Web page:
But Kohl’s argued that Henry said she could not recall seeing any specific advertisement that led her to visit Kohl’s that day, so she could not claim to have been deceived into shopping there. Kohl’s said Henry had no idea when she earned her Kohl’s Cash that she would later receive a percent-off coupon, so she could not claim to have been deceived into thinking she would get a bigger discount, when she had no prior expectation of being able to combine offers at all.

And, perhaps most importantly, Kohl’s said Henry admitted using Kohl’s Cash and a coupon on at least two previous occasions, “and each time, the Kohl’s Cash coupon was applied prior to her percent off coupon”. When Henry “asked about the order of application of the coupons, the cashier explained the policy.” So Kohl’s said Henry knew full well what the policy was and could not claim to have been deceived at all.

“The evidence plainly reveals that a reasonable jury could not find that the practice of applying a Kohl’s Cash coupon before applying a percentage off coupon when a consumer stacks two coupons amounts to an unfair or deceptive practice,” the judge found. After more than five long years of arguments, the judge ruled in favor of Kohl’s late last month, before the case could even go to trial.

“We are very disappointed with the trial court’s ruling,” Henry’s attorney Nicole Fiorelli told Coupons in the News. “Kohl’s practice of applying Kohl’s Cash first to a purchase (which it does not do for other forms of payment) before the percentage-off coupon, costs the customer more in their transaction. Since Kohl’s practice affects price, we believe this is a material limitation that should have been disclosed to the customer before they spent their $50 to earn Kohl’s Cash… It is our view that telling the customer this after they earn the Kohl’s Cash does not comply with the law.”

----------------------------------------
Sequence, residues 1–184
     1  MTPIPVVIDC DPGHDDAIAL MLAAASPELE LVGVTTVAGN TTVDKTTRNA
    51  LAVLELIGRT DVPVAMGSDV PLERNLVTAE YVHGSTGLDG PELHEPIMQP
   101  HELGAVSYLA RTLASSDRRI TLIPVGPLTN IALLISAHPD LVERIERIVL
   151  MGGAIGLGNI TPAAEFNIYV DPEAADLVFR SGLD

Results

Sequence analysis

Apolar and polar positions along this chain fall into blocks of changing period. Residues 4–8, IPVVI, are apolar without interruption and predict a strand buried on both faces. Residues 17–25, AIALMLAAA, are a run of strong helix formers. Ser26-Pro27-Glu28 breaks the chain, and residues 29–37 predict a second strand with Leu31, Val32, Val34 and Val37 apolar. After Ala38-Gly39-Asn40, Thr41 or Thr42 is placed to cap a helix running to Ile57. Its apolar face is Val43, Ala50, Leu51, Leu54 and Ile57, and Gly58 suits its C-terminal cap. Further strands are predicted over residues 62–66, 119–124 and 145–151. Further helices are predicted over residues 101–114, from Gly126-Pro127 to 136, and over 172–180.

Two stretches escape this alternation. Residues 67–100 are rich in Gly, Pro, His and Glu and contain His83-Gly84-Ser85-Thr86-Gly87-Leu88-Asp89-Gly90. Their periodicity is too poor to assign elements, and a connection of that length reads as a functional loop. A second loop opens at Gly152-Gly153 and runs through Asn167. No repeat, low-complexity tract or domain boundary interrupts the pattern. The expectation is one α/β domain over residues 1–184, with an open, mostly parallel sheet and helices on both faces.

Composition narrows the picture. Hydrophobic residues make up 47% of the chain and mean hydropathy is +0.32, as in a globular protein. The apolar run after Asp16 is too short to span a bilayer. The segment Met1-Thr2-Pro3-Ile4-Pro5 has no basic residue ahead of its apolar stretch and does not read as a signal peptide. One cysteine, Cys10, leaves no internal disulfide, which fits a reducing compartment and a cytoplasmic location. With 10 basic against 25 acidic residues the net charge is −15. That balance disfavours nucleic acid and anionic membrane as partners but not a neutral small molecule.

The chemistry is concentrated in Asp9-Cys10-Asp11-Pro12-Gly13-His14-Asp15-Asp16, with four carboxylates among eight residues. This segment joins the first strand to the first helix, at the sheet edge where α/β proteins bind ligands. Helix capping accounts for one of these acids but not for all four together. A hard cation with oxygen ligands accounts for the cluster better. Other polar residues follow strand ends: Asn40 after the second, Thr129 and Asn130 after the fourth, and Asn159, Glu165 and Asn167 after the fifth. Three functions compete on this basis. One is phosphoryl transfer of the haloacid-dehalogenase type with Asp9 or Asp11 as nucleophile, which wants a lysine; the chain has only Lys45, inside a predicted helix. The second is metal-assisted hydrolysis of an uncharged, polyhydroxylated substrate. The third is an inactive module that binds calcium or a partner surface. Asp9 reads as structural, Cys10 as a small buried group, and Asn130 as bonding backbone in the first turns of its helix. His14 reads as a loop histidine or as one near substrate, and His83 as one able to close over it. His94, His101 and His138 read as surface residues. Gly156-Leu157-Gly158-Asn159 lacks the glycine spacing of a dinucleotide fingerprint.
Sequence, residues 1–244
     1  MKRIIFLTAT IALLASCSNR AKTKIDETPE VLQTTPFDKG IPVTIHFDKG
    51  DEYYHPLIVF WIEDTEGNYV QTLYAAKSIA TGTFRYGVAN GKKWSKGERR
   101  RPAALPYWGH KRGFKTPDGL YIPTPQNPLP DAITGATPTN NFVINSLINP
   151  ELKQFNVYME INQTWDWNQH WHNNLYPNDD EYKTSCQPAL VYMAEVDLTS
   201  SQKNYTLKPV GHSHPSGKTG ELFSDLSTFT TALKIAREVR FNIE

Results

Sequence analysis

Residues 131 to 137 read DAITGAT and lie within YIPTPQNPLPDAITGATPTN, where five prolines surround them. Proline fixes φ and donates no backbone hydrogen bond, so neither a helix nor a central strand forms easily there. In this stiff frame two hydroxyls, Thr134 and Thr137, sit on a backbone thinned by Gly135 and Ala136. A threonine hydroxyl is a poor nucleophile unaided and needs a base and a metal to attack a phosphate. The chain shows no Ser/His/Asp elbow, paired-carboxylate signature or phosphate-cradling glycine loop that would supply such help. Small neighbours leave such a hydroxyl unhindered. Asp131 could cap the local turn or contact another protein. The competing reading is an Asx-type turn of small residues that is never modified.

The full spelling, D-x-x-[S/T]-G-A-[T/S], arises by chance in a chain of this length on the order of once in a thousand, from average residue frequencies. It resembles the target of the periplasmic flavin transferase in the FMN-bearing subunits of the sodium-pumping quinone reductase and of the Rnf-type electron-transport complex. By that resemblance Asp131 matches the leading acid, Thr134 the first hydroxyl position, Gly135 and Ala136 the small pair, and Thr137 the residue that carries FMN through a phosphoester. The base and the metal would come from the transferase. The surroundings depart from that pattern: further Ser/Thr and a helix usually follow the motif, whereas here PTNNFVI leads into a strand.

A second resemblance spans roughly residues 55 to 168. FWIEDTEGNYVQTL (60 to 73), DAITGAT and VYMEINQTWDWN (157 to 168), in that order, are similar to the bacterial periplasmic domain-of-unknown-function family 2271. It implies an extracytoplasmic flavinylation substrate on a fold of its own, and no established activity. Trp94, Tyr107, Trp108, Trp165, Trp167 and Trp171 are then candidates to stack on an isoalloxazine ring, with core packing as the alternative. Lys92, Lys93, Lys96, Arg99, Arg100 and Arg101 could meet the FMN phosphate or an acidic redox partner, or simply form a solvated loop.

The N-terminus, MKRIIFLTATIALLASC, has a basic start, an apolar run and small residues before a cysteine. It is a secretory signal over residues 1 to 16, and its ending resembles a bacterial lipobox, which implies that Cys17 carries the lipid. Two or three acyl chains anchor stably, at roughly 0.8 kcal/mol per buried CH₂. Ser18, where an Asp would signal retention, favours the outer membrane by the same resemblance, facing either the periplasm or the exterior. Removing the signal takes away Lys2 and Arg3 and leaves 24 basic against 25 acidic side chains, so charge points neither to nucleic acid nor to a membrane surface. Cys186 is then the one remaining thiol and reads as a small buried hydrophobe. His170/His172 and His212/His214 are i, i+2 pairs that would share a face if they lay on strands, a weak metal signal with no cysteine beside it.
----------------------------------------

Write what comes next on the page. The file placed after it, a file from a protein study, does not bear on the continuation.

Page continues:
Kohl’s has a mixed track record in defending its coupon policies. While this case can be chalked up as a win for the retailer, it agreed to settle a similar case several years ago in California. Kohl’s paid a nearly $1 million penalty to settle that dispute, and agreed to “to display signage at the register which provides how Kohl’s Cash is applied when combined with other percent-off discounts” in its California stores, as well as making the policy “clear on all printed advertising done by Kohl’s.”

And another case challenging the way Kohl’s Cash and coupons are applied is currently making its way through another California court. The plaintiffs in that case accuse Kohl’s of perpetrating “a massive fraud”, by creating “a scheme whereby they make it appear that Kohl’s Cash and percent-off discounts have greater value than they actually do.”

So Kohl’s may have won this time around. But if other Kohl’s shoppers perplexed about the store’s convoluted coupon policy have their way, Kohl’s may not be quite so fortunate next time.

Image source: Kohl’s